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I hear from lots of people and small businesses who want to start selling on Amazon and I help and work with a lot of Amazon sellers every single day.  I see a lot of people do well – but I also see people who don’t.  What’s worse is that for some of them there are reasons for this, out of their control (we will of course talk about the things that are within your control!), and they might have been better off focusing their time and effort into another marketplace.

I don’t mean to be harsh at all when I say that.  You hopefully know that my goal is to help as many people as possible do well on Amazon – but it’s definitely not for everyone.

It doesn’t necessarily mean that those who don’t do well don’t have a great product (although this is essential)! It could just be that there’s another marketplace that suits your product better.

On the other hand – Amazon might not be somewhere you’ve even considered selling your products and it could be a really good fit.

You’ve probably heard me say, many times by now, that Amazon is a tricky place to get started – even if you have an amazing product.  It’s so hard in fact, that I wrote a free guide all about this – How to Successfully Launch a Product on Amazon or Rescue One that’s Not Selling!

Why Amazon Is An Appealing Place to Sell Your Products

There are lots of reasons!  It’s a huge, well known marketplace, many of us shop there (so we’re familiar with it) and there are lots of customers already there.  If your product is what people are looking for it can be easier to convert them (than on Google for example), as they’re usually there to shop.

Like with any marketplace, there are good and bad points about selling on Amazon.

The Good

  • It’s a large recognisable marketplace that people know and trust.
  • The customers are already there – so no need to worry about getting them onto the site – you just need to focus on them being able to find your product and converting them into buyers.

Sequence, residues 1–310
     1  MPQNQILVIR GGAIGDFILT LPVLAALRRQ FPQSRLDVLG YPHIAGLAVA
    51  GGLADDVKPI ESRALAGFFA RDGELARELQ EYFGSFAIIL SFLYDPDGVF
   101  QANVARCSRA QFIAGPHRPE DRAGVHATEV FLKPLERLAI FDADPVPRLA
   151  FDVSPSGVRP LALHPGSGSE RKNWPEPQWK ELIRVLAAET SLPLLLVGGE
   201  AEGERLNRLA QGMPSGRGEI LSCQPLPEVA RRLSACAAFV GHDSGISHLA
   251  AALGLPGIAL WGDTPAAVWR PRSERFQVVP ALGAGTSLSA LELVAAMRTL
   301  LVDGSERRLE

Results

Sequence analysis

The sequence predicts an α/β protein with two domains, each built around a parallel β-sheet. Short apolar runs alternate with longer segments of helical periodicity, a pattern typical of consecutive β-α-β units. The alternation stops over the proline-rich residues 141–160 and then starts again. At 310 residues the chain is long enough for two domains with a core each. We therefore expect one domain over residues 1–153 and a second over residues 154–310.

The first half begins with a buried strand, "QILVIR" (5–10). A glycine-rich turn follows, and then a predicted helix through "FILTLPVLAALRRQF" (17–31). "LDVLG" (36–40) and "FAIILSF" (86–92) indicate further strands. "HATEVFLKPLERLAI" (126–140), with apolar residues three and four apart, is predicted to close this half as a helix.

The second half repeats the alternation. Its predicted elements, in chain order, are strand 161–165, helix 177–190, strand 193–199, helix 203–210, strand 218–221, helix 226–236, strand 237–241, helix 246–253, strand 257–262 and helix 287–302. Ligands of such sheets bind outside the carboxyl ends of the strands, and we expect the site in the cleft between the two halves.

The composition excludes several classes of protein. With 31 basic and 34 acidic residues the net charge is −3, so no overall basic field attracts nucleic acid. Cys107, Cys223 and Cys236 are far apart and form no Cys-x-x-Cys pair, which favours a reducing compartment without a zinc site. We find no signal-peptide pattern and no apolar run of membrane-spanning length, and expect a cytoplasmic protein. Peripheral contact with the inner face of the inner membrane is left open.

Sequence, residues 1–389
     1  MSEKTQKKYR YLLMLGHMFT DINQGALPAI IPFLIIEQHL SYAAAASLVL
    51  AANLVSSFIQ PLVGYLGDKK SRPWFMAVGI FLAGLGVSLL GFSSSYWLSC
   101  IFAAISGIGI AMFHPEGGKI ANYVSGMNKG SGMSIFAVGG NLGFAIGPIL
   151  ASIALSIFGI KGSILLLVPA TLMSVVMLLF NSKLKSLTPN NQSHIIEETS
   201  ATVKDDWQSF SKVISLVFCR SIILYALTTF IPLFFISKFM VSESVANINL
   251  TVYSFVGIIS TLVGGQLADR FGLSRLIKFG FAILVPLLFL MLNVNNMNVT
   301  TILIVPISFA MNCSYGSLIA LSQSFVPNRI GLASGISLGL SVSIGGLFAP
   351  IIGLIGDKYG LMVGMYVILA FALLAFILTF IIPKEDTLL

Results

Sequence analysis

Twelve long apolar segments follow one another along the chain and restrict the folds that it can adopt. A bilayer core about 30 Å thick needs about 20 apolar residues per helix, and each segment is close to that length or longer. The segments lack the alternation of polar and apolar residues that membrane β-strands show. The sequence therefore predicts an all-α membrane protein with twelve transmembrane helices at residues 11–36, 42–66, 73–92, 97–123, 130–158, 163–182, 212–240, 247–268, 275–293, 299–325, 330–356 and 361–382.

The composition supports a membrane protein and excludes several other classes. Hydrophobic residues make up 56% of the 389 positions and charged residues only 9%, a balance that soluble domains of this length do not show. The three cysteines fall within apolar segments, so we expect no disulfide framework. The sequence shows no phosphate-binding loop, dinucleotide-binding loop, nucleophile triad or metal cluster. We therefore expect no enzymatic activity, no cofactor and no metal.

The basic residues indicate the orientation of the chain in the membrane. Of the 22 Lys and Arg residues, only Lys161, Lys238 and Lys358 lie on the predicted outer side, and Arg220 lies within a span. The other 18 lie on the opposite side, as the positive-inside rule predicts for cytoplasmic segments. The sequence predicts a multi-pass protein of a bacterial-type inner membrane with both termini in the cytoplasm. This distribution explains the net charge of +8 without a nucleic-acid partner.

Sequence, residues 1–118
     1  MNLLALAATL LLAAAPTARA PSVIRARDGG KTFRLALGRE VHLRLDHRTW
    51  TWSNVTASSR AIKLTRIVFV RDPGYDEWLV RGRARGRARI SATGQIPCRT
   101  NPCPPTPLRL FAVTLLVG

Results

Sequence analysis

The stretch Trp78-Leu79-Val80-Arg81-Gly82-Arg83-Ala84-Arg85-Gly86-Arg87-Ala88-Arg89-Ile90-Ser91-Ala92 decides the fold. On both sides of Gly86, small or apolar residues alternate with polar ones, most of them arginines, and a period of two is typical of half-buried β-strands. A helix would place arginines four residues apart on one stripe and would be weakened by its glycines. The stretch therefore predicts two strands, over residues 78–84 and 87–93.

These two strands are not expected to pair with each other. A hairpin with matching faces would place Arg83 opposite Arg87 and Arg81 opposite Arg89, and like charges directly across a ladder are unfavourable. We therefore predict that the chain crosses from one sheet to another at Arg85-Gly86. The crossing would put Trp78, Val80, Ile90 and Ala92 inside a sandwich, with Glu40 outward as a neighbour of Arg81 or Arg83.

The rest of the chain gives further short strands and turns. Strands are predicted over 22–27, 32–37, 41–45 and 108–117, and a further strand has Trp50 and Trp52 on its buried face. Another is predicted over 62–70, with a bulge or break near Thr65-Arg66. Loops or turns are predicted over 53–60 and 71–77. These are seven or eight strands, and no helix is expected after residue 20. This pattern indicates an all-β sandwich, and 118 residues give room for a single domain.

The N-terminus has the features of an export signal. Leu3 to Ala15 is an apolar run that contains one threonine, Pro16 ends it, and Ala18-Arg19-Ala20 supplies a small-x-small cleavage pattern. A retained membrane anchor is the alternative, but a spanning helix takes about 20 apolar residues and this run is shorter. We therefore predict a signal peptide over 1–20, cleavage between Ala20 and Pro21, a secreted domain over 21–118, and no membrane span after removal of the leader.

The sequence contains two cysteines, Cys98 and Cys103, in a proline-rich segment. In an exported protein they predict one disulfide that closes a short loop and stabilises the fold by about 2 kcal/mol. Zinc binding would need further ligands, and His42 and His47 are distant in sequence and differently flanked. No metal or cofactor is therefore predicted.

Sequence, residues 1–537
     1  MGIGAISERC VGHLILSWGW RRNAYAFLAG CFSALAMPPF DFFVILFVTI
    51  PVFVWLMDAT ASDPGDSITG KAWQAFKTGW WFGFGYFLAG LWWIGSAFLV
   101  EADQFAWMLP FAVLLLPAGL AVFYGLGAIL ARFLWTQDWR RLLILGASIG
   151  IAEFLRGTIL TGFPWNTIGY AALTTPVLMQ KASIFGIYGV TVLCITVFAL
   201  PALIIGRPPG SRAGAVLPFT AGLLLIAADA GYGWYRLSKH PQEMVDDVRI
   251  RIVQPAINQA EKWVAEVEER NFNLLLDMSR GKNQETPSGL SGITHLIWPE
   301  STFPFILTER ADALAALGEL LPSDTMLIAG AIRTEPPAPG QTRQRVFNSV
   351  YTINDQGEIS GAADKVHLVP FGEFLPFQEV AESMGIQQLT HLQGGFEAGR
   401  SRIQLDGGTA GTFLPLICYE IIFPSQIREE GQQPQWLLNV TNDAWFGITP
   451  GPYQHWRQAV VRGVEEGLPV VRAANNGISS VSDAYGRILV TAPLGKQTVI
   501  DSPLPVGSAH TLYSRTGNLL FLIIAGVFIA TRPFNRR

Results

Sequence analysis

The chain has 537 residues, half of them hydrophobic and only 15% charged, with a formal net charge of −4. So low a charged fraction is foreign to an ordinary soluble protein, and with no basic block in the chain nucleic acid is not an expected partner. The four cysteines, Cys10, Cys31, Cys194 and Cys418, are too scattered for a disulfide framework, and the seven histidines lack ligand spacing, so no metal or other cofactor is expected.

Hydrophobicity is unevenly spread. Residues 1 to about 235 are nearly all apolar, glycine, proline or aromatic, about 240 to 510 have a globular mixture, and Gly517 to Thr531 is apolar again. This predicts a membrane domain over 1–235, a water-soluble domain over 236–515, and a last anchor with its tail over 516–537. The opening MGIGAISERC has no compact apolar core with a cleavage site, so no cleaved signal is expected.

• There are lots of inbuilt marketing tools you can use to attract customers – and these get better all the time.
  • If you decide to use Fulfilled By Amazon (Amazon FBA), then they can handle the logistics (storage and shipping) for you.  This can be expensive, so it’s worth trialing with just a small amount of stock initially.
  • You have the opportunity to sell Globally, as there are marketplaces all over the World, so plenty of opportunities for expansion.

The bad

  • There’s an ‘art’ to creating a great product listing on Amazon and you need one to get found! There are also lots of rules to adhere to and breaking any one of them can get your listing shut down.  This includes the wording you use – so be careful about any claims that you make.
  • There’s a lot of competition and it gets harder and harder to get started.  I usually suggest paying for Amazon Sponsored Products (Pay-Per-Click marketing), but this can get expensive. 
  • Amazon Seller Support aren’t that supportive!  Lots of sellers struggle and many give up, as dealing with them can be so difficult. You need a thick skin and to be pretty tenacious to get anywhere!
  • You don’t get any customer details (other than what you need for shipping, if you’re fulfilling orders yourself), making it hard to build up an email list.

What Kind Of Product Is It Best For?

You can sell most things on Amazon.  A few things you can’t sell in the UK include:

  • Vehicles (new or used)
  • Vehicle airbags
  • Fetal dopplers
  • Used clothes and shoes
  • Clothing made from animals

This isn’t the full list and I always suggest checking out the restrictions for anything you want to sell.  You might need to request approval first – which can take time.  Also remember that the requirements can and do change.

It may well be that it can be sold, but you’d have issues if you wanted to send it in for FBA, as you may have to submit a safety data sheet.